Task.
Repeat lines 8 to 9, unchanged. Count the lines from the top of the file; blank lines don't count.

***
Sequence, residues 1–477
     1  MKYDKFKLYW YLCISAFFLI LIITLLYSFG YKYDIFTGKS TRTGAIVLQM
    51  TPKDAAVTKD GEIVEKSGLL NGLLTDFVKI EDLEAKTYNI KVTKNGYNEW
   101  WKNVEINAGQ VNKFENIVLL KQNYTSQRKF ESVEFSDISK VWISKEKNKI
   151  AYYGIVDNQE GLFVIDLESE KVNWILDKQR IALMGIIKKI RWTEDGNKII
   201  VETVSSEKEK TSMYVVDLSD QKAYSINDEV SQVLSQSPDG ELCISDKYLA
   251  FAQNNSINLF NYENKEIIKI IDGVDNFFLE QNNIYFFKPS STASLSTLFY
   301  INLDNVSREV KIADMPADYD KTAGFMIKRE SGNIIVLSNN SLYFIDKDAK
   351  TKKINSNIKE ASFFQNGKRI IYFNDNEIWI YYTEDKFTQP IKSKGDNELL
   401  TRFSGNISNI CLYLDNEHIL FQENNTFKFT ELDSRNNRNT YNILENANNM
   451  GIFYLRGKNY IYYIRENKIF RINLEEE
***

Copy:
   301  INLDNVSREV KIADMPADYD KTAGFMIKRE SGNIIVLSNN SLYFIDKDAK
   351  TKKINSNIKE ASFFQNGKRI IYFNDNEIWI YYTEDKFTQP IKSKGDNELL